This was a murdered movie, cut to pieces by its own studio and all but abandoned. It has been brought back to life in a magnificent DVD edition that restores almost everything that was hacked out of it and brings it much closer to director Ridley Scott's original vision. This is still not quite the movie he wanted, but it is so far above and beyond any previous edition of the film it scarcely deserves to play under the same name.
Scott described Legend as "not a story of the past, or the future, or even a story of now." He wanted to make the same kind of leap as Star Wars had, into the collective imagination of the audience, and create a film using elements he found there. It opens in a landscape that looks like the illustrations in a storybook come to life, with bears licking honey out of beehives and birds darting through the trees. But all is not well: deep in his underground lair, the Lord Darkness (Tim Curry) simmers with rage. As long as two unicorns still live, his power is curtailed, and so he sends his goblins to find the creature's horn and bring it back.
Against the forces of darkness are two heroes: the fresh-faced Princess Lili (Mia Sara, in her first role), and the "wild child" Jack (Tom Cruise, forelocks a-dangling). As a promise to his love, Jack takes Lili to see the unicorns, and winds up being used as the bait for a trap to take the monster's horn. When this happens, catastrophe overtakes the world: everything is plunged into perpetual winter (a la Narnia), and Lili and Jack are separated in the wilderness.
Jack is rescued from the snow by the elf Honeythorn Gump (!) and his oafish companions, Brown Tom and Screwball. Gump is played by William Bennent, who also appeared as the malevolent child in Volker Schlondorff's The Tin Drum. With his burning eyes and his theatrical gestures, Bennent suggests a creature carrying great and burdensome cosmic wisdom. (Bennent was not a dwarf, as has been mistakenly believed, but merely suffered a temporary growth problem as a child. He has since matured naturally and has gone on to do many other roles as an adult.) The remaining unicorn charges Jack with a mission: Bring back the horn and restore the world.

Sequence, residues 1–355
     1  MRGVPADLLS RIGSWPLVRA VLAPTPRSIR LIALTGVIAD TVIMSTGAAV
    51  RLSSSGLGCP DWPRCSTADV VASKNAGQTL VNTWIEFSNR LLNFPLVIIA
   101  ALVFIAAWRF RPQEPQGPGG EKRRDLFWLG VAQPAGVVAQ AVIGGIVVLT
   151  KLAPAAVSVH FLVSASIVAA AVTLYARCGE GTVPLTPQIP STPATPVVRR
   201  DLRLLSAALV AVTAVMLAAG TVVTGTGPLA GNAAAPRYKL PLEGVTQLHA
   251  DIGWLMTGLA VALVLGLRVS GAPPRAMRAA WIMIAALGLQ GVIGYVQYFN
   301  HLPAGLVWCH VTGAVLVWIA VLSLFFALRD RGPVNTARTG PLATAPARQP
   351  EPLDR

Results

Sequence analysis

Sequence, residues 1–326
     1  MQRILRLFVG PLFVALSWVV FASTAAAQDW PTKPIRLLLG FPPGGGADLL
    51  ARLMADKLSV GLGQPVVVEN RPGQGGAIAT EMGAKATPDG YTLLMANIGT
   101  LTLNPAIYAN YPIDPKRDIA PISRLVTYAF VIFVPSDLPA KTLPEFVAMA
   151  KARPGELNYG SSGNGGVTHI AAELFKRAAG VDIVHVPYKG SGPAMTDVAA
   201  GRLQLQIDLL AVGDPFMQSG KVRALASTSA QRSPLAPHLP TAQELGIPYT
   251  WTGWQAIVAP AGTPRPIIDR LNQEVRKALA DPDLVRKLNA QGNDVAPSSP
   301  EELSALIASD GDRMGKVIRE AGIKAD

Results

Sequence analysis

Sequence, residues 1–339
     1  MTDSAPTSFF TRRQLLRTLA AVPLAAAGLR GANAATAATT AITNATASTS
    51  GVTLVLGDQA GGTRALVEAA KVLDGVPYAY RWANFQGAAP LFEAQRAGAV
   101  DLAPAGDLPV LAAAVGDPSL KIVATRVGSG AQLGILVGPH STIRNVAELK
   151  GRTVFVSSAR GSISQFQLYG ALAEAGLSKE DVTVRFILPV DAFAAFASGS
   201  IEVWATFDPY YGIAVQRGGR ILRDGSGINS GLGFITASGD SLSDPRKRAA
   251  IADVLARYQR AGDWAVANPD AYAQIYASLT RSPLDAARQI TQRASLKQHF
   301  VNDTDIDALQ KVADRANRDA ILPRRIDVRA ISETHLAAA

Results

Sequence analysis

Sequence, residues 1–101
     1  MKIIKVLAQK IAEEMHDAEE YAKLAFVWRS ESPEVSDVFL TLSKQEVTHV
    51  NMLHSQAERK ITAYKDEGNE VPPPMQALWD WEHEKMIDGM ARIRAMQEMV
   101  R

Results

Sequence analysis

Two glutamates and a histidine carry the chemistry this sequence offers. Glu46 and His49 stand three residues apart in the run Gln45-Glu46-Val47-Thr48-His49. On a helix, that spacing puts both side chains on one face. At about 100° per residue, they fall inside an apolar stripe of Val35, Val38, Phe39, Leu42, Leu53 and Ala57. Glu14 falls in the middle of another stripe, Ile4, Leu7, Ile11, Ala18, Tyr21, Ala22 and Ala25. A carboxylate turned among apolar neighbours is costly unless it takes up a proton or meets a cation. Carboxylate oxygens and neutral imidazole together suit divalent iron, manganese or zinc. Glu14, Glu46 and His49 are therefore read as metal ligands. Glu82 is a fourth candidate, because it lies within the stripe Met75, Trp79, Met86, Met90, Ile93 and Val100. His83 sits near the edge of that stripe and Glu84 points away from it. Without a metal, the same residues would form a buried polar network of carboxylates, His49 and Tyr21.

After outfitting Jack with a proper suit of armor and weapons, the heroes set out for Darkness's stronghold, a huge dead tree with catacombs and dungeons reaching for miles in all directions. The fortress is an amazing piece of production design; I especially liked the room that seems to consist of nothing but columns, and the bizarre mix-and-match Gothicism of Darkness's throne room. Lili wanders through this place, mesmerized by Darkness's offers of jewelry and a dress — at least until Darkness himself shows up. Lili is appalled by this creature's interest in her, but soon seems to become one of his minions.
Cataloging the differences between the new cut of the movie and all previous versions would take a whole book, but the changes are almost all for the better. There are now subtleties to Jack and Lili that didn't come out before. In the theatrical edit, Lili was a vapid creature; in this version, she's a willful and intelligent young woman who simply wants to do things her way. She's basically good, but also somewhat selfish and self-important; in one of the restored scenes, she brags to Jack about how smart her father thinks she is. Jack adores her, and maybe for that reason can't really bring himself to stop her when she does something foolish. The butchered version loses all of these nuances — and along with it, one of the underlying themes of the movie, which is that total evil and total goodness don't really exist, that elements of each are in each.
By far some of the most striking edits come in the form of missing lines of dialogue — small in themselves, but which add up and add gravity to the story:
[regarding the unicorns]
Jack: What you did was forbidden!
Lili: Who says so?
Jack: It is known. These are sacred animals. You risk your immortal soul!
[in the restored version]
Jack: What you did was forbidden!
Lili: Who says so?
Jack: It is known, Lili. These are sacred animals.
Lili: I don't care.
Jack: You risk your immortal soul saying things like that!
Some previously important scenes — such as Gump's riddle to Jack, which is tied into one of the deleted songs — existed in the European version of the movie, but even those scenes have been expanded upon greatly. In the same way, there's more to what goes on between Lili and Darkness in this version. Does he love her? Maybe he does; he tries to win her over, however ineptly. When she spurns him, he rants furiously, and with that she realizes she's the one in control here, not him. The movie also subtly suggests that his thirst for power over the earth is borne of loneliness: if he can't have happiness in his life, no one will. (Scott took Cocteau's Beauty and the Beast as his inspiration for this part of the movie, and it shows.